Wednesday, April 15, 2009

Farnell looking to convert 3,500 prospects this year in India!

Now that's what I call aggression!

Last July, I had the pleasure of meeting Ms Harriet Green, CEO, Farnell Electronics, a part of the Premier Farnell group of companies. It is soon going to be a year since the company set up presence in India. Farnell has aggressive plans for India, with the company likely to look at converting at least 3,500 prospects this year.

I met up with Nader Tadros, Commercial Marketing Director APAC, Premier Farnell (see picture here), and Navin Honnavar, marketing manager, Farnell Electronics India Pvt. Ltd to get an update on Farnell.

According to Tadros, Farnell is said to be the number 1 small-order high service multi-channel distributor in the world. "We carry obver 3,500 leading suppliers and 450,000 product stocks globally. We have 36 transactional websites in 23 languages," he added.

Farnell currently has six warehouses -- one in America, and two in Europe and three in Asia -- Sydney, Shanghai and Singapore. In India, it now has nine branch offices, and one contact center and one global tech center (GTC) -- in Bangalore. The GTC provides live chat and board level support, which also translates into global support.

Tadros said that Farnell is aggressively are supporting the EDE (electronic design engineers) community and MRO (maintenance, repair, operatoinal) marketplace. "We have taken particular focus on developing the EDE space, providing support, services and relevant products. We want to make sure the value proposition is mapped on to the EDE needs," he said. Elaborating on the value proposition, he cited an example of x-ray machine manufacturers.

Global business strategy
Farnell has a four-pronged global business strategy. This includes:
* Focusing on global EDE customer segment.
* Increase business via the Web.
* Internationalization
* Continue to develop profitable MRO business.

Tadros believes that the power of the Web is tremendous. "It is very useful for customers to search and transact. Another area is customer demand. They are looking for efficiencies," he added. "An important aspect that can help us is that we are able to understand customers; needs. The data that the web search is able to provide gives us the critical information. If a customer searches for a part, and we track that, we are able to service their needs better."

Hasn't Farnell been affected by the recession? Tadros said: "We are not immune to the recession. The volatlity is higher, and it is also at the customer level." Honnavar added: "Our strategy seems to be working for us. We are maintaining our base in the MRO space. We are still pulling in customer requests and still growing."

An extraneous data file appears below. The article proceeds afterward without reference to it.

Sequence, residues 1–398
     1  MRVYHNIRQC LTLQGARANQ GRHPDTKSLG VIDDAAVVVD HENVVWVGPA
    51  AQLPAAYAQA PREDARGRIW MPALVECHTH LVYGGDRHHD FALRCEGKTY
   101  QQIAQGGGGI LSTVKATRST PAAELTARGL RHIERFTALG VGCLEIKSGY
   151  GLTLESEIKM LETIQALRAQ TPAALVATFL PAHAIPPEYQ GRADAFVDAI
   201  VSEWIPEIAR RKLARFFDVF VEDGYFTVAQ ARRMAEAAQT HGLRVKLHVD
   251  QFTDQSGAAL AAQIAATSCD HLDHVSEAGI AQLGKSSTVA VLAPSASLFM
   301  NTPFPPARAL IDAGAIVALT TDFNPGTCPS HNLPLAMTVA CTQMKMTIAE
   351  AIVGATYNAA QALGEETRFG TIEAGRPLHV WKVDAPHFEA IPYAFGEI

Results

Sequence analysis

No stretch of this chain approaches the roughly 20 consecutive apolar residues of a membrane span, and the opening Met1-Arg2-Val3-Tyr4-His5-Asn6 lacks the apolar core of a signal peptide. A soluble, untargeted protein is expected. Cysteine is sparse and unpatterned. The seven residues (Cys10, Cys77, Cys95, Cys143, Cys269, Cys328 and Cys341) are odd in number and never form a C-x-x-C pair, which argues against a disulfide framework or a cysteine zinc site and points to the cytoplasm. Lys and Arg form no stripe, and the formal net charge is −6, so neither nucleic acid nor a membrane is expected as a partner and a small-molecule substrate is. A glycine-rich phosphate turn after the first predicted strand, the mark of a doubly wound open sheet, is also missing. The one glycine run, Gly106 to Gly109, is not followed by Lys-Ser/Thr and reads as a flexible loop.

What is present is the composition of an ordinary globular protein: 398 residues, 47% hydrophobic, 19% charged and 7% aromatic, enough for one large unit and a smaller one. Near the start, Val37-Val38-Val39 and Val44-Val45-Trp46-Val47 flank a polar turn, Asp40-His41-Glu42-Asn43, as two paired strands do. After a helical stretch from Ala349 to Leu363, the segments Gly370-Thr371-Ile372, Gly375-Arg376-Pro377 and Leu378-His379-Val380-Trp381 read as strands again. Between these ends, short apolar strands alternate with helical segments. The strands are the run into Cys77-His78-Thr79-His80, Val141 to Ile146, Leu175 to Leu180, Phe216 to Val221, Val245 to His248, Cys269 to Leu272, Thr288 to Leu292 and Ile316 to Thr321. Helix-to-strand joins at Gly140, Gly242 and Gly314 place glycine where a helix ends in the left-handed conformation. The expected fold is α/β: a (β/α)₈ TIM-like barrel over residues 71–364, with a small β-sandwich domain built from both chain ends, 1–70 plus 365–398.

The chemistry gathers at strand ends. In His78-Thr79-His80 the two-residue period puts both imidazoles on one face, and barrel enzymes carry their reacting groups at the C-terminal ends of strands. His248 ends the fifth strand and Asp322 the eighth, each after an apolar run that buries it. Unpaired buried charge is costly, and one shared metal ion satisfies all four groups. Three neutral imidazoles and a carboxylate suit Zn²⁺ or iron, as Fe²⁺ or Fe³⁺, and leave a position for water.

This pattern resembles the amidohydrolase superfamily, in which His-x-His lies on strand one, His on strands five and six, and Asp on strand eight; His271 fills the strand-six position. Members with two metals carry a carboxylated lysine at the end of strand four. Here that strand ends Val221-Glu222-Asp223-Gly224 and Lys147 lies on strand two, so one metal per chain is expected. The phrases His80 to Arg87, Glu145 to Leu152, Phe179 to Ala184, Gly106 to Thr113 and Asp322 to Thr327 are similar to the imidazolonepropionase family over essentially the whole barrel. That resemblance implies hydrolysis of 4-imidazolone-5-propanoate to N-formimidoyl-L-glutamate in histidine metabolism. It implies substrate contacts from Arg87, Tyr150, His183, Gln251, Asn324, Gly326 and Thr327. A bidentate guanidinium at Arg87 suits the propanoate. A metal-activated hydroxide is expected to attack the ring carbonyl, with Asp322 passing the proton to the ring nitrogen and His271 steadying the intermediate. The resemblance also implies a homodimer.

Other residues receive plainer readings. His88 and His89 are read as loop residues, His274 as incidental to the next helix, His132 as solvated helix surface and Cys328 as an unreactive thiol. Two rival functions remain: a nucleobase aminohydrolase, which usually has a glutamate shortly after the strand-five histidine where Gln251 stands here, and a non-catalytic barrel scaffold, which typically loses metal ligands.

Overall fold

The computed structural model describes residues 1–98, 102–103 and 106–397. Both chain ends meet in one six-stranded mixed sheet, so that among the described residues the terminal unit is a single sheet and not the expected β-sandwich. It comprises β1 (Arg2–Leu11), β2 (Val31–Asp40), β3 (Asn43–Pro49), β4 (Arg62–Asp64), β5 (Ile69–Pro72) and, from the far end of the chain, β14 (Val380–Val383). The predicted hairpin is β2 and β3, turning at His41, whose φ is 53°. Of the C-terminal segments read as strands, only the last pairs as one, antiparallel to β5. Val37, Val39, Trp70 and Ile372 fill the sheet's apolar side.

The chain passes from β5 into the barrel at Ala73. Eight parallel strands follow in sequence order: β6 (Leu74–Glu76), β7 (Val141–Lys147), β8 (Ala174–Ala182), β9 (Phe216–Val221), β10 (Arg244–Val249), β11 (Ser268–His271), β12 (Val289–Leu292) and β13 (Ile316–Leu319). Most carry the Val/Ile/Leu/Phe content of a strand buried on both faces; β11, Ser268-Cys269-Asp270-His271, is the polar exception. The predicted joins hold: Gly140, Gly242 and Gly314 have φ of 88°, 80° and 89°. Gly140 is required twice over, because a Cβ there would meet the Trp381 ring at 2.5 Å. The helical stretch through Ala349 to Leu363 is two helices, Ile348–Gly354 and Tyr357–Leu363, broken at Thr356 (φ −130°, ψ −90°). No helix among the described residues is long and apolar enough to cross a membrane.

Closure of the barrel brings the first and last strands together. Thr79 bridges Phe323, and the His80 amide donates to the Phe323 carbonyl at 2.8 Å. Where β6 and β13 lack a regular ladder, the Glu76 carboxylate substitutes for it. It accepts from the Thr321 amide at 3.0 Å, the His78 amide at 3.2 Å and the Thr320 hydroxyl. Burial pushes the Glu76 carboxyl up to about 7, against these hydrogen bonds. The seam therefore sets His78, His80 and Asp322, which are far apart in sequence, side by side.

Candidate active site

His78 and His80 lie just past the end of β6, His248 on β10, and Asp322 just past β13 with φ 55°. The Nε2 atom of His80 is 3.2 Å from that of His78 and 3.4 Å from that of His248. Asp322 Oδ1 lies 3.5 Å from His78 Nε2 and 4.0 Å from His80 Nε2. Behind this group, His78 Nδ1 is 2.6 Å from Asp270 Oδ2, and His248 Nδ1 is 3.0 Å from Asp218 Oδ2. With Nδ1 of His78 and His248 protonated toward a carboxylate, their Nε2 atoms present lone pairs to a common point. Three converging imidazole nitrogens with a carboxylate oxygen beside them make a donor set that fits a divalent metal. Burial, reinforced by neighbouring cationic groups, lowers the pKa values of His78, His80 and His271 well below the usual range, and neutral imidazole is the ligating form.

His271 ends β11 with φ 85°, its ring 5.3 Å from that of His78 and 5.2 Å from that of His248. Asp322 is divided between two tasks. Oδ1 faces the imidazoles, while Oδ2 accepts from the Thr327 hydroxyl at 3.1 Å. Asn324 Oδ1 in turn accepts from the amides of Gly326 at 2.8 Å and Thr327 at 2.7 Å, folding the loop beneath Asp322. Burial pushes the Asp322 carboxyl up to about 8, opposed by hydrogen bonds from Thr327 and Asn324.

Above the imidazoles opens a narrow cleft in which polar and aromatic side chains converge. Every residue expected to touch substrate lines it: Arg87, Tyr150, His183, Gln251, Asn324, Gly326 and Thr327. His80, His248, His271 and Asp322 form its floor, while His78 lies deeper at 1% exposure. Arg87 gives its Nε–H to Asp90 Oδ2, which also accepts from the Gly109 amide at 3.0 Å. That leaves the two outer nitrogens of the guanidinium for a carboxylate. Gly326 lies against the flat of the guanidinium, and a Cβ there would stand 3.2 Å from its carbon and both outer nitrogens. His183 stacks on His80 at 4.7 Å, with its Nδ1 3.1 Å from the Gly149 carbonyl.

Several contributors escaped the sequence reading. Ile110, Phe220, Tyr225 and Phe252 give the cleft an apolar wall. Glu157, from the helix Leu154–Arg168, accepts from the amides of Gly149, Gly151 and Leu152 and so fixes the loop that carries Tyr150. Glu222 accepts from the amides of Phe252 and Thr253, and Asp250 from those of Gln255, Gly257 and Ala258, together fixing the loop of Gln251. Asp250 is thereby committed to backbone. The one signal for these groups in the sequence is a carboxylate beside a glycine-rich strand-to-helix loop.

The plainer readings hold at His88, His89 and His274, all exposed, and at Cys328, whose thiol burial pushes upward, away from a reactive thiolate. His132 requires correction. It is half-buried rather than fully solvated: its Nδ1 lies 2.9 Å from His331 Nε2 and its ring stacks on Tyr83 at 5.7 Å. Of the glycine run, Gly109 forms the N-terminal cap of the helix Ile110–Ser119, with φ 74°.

So, what else is Farnell doing, besides these activities? Well, it has adopted a multichannel approach for the Asia Pacific region. It has 154 staff in eight call centers, besides being involved in direct and e-marketing. The company has nine local websites -- simplified chinese for China, thai for Thailand, and English for India, Malaysia, Singapore, Hong Kong, Philippines, Australia and New Zealand. Besides, it has 103 field sales engineers in 29 sales offices.

Aggressive plans
I started this post by saying I liked Farnell's aggressive plans. It currently has 2,500 active customers and 9,000 prospects in India alone. The company has a target to reach $25 mn by 2010. It is also a walue added distributor offering products to leading suppliers such as Texas Instruments, Molex, and 3,500 other leading brands.

Touching on Farnell's clients in India, Honnavar said: "We have independent design houses, resellers, R&D centers, educational centers, government organizations (such as BEL, HAL), etc., among our customers. The prospects includes a huge list of people. We have touched the top layers in tier 2 cities -- such as Coimbatore and Ahmedabad. We are looking at converting 3,500 prospects this year."

More focus on components, SMEs
The components industry isn't exactly in the pink of health right now. Giving his views on the electronics and components space, Tadros said: "Customers themselves are not able to anticipate the demand for the next quarter or periods. We are seeing that there is still growth in the EDE space and inquiries are still coming in. During a recession, you have an opportunity to distinguish yourself from competition. There is pressure on teams as they have to continually innovate. Customers require more even support, more technical documentation, and look for faster turnaround times."

Farnell is in a position to help those SMEs who are in the electronics and components spaces. Tadros said that the company can support such SMEs by helping them to build their markets in a timely fashion.

Honnavar added that Farnell is focusing on building a product and purchasing team, sitting out of Singapore and Hong Kong. "Moving forward, you will probably get to see more buying happening in the Asia Pacific region. Going ahead, a lot of sourcing will also be done from India." The company intends to be extremely close to suppliers, especially in the Greater China region.

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